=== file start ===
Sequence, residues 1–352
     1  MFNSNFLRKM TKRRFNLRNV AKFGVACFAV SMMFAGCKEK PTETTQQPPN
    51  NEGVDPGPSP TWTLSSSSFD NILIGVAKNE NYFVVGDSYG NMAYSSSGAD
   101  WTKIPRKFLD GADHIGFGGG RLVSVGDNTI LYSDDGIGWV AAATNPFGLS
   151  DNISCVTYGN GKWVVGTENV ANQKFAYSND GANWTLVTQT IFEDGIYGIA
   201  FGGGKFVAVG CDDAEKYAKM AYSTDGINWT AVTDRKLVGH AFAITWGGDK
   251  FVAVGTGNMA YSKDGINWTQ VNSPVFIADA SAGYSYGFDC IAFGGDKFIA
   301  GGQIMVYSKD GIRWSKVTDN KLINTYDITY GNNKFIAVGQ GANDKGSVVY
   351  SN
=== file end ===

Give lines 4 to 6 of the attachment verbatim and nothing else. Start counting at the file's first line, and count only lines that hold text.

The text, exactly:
   101  WTKIPRKFLD GADHIGFGGG RLVSVGDNTI LYSDDGIGWV AAATNPFGLS
   151  DNISCVTYGN GKWVVGTENV ANQKFAYSND GANWTLVTQT IFEDGIYGIA
   201  FGGGKFVAVG CDDAEKYAKM AYSTDGINWT AVTDRKLVGH AFAITWGGDK